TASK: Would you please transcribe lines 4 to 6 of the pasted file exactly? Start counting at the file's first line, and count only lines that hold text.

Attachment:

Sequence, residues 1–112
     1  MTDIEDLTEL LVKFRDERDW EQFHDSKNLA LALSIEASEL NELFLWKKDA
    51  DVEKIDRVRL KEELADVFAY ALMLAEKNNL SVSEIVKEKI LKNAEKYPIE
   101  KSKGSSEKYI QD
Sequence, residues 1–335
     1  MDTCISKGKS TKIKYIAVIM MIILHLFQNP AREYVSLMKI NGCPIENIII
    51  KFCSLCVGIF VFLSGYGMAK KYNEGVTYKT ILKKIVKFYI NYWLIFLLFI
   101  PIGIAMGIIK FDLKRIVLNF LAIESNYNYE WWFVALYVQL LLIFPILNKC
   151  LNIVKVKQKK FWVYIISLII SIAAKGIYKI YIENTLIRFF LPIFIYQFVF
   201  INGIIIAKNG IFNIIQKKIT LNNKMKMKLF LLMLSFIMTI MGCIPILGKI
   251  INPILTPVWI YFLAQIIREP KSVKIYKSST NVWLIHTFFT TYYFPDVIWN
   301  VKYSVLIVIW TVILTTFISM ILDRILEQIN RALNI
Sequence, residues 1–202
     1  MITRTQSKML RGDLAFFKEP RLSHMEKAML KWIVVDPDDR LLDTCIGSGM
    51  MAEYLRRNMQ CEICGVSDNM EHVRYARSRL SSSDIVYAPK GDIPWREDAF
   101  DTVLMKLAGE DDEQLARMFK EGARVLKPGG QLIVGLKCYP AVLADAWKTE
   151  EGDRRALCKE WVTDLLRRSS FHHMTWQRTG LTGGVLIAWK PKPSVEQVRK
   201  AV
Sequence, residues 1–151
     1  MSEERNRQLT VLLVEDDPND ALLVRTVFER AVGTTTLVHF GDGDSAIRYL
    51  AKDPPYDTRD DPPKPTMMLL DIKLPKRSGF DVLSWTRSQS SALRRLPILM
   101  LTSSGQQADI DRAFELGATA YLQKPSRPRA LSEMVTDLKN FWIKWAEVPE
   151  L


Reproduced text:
   101  KSKGSSEKYI QD
Sequence, residues 1–335
     1  MDTCISKGKS TKIKYIAVIM MIILHLFQNP AREYVSLMKI NGCPIENIII